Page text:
Demi Lovato, on the other hand, does not hold back. Constitutionally. Her songs have a glorious sense of excess about them; her hooks are volcanic eruptions of vowels. “You make me bloo-ooooooo-oooooow,” she sang on one of her biggest hits, 2013’s quaking “Heart Attack.” She’s been a staple on pop radio for the past few years (my two favorite hits of hers are 2011’s “Give Your Heart a Break” and 2014’s “Really Don’t Care”) because her voice sounds tailor-made for it — even in this moment of hypercompression and EDM-inspired volume, Lovato’s full-throated wail still pops. But what makes Lovato more likable than your average oversinger (say, Jessie J) is that her theatrics always feel imbued with a palpable vulnerability. Her personal struggles and triumphs (over eating disorders, depression, and addiction) feel present in her songs, where feelings careen dangerously close to the edge. Lovato is, bless her bleeding heart, our most emo pop star.

Or at least those were my takes on these two going into their new records, but both have upended my expectations. First and foremost, Gomez’s Revival is a pleasant surprise. It’s a fun, airy, light-on-its feet pop record that inches a little closer to telling us who Selena Gomez is, if not exactly shouting out the answer. Which makes sense because Revival proves Gomez to be more of a whisperer than anything. There’s an alluring, come-hither quietness to this record; finger-snaps trump kick drums, whistled melodies instead of synth solos. Gomez isn’t a powerhouse vocalist, but Revival is her first album to carve out an aesthetic in which her sorta-sleepy tone makes sense, finding kindred spirits in the aqueous R&B of Tinashe or slinky languor of Lana Del Rey. Aside from the great, cooing single “Good for You,” highlights include the playfully hushed “Hands to Myself” and the surging power ballad “Sober.” “You’re saying all the things that you’re supposed to, but you don’t know how to love me when you’re sober,” she sings on that track, which is begging to be released as a single or — better yet — turned into a he-said/she-said mash-up with the Weeknd’s “The Hills.”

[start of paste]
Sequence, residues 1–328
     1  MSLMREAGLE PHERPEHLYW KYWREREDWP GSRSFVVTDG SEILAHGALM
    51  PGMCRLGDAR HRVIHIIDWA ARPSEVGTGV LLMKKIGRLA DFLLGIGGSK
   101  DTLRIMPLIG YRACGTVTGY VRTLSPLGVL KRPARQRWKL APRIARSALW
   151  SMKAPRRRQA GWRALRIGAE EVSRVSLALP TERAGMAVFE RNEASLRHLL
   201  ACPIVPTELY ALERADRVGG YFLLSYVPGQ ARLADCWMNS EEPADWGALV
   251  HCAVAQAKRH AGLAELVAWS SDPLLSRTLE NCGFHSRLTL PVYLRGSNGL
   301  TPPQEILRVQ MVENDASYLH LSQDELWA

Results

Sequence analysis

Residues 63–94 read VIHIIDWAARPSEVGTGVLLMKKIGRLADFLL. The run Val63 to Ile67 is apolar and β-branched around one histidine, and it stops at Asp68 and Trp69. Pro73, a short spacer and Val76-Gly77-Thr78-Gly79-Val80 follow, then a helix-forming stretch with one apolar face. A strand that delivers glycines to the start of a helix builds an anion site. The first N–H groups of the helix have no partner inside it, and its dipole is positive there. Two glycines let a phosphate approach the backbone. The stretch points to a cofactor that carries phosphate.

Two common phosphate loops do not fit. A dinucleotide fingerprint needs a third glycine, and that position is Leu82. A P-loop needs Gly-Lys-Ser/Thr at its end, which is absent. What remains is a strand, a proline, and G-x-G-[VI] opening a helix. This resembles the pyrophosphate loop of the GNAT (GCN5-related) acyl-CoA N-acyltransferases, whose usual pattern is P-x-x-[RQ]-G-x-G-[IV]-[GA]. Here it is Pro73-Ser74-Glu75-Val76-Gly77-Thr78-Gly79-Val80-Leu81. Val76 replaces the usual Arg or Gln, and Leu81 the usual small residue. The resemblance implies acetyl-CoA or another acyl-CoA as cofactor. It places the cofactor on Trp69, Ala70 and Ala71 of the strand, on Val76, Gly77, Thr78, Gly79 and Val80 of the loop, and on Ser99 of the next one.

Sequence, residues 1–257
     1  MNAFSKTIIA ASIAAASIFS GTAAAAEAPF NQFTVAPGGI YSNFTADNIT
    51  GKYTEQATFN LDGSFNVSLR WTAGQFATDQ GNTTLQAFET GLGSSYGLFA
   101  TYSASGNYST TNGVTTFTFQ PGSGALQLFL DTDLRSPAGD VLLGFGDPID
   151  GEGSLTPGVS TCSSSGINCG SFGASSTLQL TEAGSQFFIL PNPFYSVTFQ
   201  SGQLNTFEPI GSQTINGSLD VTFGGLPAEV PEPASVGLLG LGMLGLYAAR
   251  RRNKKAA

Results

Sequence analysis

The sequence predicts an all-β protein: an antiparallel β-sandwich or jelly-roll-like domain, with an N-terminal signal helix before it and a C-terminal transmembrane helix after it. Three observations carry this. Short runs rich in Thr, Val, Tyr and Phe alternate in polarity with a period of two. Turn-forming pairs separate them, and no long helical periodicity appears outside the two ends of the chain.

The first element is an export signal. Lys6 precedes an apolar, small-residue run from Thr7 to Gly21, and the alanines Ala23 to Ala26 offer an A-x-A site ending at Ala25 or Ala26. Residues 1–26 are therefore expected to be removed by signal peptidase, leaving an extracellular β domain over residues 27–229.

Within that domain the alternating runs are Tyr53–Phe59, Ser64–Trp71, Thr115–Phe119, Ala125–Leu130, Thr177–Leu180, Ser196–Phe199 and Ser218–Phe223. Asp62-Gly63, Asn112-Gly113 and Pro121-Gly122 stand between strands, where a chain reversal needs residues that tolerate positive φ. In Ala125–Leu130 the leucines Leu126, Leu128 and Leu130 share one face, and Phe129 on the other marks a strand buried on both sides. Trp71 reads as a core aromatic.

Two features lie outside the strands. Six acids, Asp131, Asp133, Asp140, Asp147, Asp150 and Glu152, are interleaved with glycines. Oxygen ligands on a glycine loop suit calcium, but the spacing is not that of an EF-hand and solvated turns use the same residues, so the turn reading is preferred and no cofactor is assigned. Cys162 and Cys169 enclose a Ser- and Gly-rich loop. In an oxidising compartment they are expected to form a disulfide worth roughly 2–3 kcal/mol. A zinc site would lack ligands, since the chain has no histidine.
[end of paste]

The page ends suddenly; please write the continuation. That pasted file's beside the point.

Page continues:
Revival showcases a transformation in Gomez’s sound, but not every song has caught up to her new aesthetic. Some of the more up-tempo numbers sag, like one in which she unconvincingly declares, “We are survivors,” while sounding like she might doze off before the hook is over. “Body Heat” and “Me and the Rhythm” indulge in the sort of J.Lo-esque pep Gomez seems to have grown out of; there are also way too many spoken-word interludes delivered with way too little conviction. At times, Gomez is still something of a vocal chameleon. I like the new single “Same Old Love,” but Gomez sounds so much like co-writer Charli XCX on the hook that I refuse to believe the latter isn’t singing an uncredited backing vocal. Still, Revival sets the bar a little higher for the elusive Gomez. I may not be entirely sure who she is yet, but I’m a little more interested in hearing her figure it out.